How to make Lamingtons

By Victoria Glass •

For Anzac Day celebrations, if you aren't in BBQ  mode (or the weather where you are isn't up to it), try making Lamingtons instead.  Victoria shows how to make one of Australia's favourite tea time treats - cubes of light, fluffy sponge, covered in chocolate icing and dunked in desiccated coconut.


Although I’m not actually an Aussie, I am rather partial to a lamington (and a Bundaberg rum), and with Anzac Day coming up now seems as good a time as any to indulge.

Lamingtons are cubes of light, fluffy sponge, slathered in chocolate icing, before being dunked in desiccated coconut. They’re perfect for an afternoon lift with a cup of tea and make a nice change from our usual British fare. I have made traditional lamingtons many times before, but thought it might be nice to add an extra layer of sunshine this time round.

Australia’s record-breaking heat wave has seen temperatures soar to 49.6°C in Moomba, so it looks like their extra layer of sunshine is already a given. The grey streets of London, however, tell a much chillier tale, so my lamington sunshine comes in the form of tart and sweet passion fruit curd.

I love the refreshing, tropical tang of passion fruit and it works particularly well against the rich bitterness of dark chocolate. If you find your search for passion fruitless, lemon curd would be a delicious alternative.



I made a simple gluten free génoise, but a Victoria sponge will work just as well.

Preheat the oven to 180°C (160°C fan)/350°F (325°F fan)/ Gas Mark 4.

Line a 23 x 33cm (9 x 13inch) roulade tray with baking parchment. 

For the sponge

4 large eggs

125g caster sugar

25g butter, melted

A generous splash of vanilla extract

125g Plain or rice flour

For the chocolate icing

150g dark chocolate (I used Green & Blacks 70%)

50g unsalted butter

For assembly

Passion fruit curd (either homemade or shop bought)

150g desiccated coconut

Place the eggs and sugar in a large heatproof bowl over a pan of barely simmering water. Use an electric hand whisk to beat continuously until the mixture is hot. Carefully remove the bowl from the heat and continue to whisk on high speed for a good 5 minutes, or until the mixture has doubled in volume and is at the ribbon stage – pale, thick and mousse-like and leaves a slowly disappearing trail when you lift the beaters.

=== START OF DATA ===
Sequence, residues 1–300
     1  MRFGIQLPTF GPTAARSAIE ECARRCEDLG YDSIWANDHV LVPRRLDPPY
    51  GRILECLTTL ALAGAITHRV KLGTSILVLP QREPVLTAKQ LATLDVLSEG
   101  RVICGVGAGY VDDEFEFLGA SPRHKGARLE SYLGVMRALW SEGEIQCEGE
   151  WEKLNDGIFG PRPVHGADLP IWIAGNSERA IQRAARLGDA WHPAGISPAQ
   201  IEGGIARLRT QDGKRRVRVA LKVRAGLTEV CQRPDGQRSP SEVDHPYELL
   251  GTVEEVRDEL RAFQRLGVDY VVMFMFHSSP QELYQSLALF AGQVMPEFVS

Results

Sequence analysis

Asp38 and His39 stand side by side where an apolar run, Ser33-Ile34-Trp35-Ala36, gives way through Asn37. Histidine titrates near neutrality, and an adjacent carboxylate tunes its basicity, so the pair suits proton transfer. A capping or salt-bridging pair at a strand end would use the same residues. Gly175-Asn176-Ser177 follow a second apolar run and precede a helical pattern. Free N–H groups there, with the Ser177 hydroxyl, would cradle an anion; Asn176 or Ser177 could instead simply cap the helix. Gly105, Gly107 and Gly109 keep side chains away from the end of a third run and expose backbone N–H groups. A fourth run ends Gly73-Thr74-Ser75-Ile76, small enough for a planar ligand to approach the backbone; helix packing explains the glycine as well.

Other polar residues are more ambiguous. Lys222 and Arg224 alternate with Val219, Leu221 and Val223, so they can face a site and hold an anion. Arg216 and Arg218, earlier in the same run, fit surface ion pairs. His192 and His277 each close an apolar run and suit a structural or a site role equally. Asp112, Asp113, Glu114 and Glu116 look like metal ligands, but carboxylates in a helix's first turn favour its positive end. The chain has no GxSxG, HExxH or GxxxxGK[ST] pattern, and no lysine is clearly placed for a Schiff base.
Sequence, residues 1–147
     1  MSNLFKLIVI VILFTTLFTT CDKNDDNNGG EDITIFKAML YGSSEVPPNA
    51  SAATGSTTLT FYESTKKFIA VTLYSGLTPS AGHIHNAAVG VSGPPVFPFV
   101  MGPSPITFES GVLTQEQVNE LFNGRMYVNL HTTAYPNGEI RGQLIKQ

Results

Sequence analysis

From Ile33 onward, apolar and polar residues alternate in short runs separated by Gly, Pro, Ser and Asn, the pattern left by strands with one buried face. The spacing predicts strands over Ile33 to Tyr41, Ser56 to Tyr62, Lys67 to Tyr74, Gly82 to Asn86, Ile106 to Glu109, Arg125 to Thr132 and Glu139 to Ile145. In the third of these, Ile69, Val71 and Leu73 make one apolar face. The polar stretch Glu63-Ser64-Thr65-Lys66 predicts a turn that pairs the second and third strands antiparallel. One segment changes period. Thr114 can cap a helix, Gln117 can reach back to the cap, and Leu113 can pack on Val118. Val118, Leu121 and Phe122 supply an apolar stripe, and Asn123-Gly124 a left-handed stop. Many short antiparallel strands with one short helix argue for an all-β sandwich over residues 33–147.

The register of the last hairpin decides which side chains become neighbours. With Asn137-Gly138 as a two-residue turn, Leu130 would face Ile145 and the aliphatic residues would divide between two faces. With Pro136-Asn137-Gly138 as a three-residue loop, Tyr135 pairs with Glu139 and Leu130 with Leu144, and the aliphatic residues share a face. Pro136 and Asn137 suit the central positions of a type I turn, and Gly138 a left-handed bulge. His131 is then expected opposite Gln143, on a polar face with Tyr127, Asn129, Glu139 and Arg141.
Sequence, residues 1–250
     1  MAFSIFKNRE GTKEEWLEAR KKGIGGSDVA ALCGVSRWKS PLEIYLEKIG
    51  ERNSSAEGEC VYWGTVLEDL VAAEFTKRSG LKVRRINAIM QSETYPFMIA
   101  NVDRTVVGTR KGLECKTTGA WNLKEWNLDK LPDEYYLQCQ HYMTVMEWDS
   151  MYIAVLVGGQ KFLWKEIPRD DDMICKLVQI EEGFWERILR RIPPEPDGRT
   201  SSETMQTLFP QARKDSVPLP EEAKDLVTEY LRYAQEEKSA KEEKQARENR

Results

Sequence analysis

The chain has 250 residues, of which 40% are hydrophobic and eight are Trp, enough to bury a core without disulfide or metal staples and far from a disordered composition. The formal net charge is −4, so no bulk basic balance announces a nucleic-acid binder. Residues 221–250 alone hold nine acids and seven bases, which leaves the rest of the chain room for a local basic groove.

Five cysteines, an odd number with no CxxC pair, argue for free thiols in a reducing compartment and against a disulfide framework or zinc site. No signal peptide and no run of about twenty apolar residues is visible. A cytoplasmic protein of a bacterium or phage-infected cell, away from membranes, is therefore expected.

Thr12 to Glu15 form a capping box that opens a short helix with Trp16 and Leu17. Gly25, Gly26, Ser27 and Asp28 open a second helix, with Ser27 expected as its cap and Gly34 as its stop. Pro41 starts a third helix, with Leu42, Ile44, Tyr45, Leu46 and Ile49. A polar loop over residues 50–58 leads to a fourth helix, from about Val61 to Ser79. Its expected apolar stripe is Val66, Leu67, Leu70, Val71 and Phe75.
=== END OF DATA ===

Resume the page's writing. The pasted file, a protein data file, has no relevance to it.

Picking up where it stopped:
Whisk in the melted butter and vanilla before sifting over the flour. Fold in with a large metal spoon until fully combined. Be careful not to over-mix and knock the air out of the batter. Pour into your prepared roulade tray and bake for 10 -15 minutes or until the cake is springy and no longer sticky to touch. Leave to cool completely on a wire rack. Cut the sponge into 4cm x 4cm squares.

To make the icing, simply melt the chocolate with the butter in a heatproof bowl suspended over a pan of barely simmering water. Allow it to cool slightly, for dipping.

To assemble the lamingtons, sandwich two squares of sponge together with passion fruit curd and repeat with the rest of your squares of sponge. Pop the cakes in the fridge for about 15 minutes. Place a cake on a fork and dunk it in the chocolate icing, making sure it is fully coated on all sides. You can place the cakes on a wire rack and pour over the icing instead if you find it easier. Once covered dip the cakes in the desiccated coconut. Place on a plate and pop them back in the fridge to set.


For more passion fruit recipes visit Great British Chefs collection.  



Victoria Glass

Victoria is a London based food writer. She founded Victoria's Cake Boutique in 2008 & her first two books, Boutique Wedding Cakes and Deliciously Vintage are out now. Her celebrity clients include Miranda Hart, Dave Gorman and Zach Braff. She's cooked her way through the alphabet from artichokes to za'atar zebra on her blog, Alphabet Soup. She is currently writing her fourth book and her third is out in September. She has just been appointed the food writer in residence at The Roald Dahl Museum & Story Centre.

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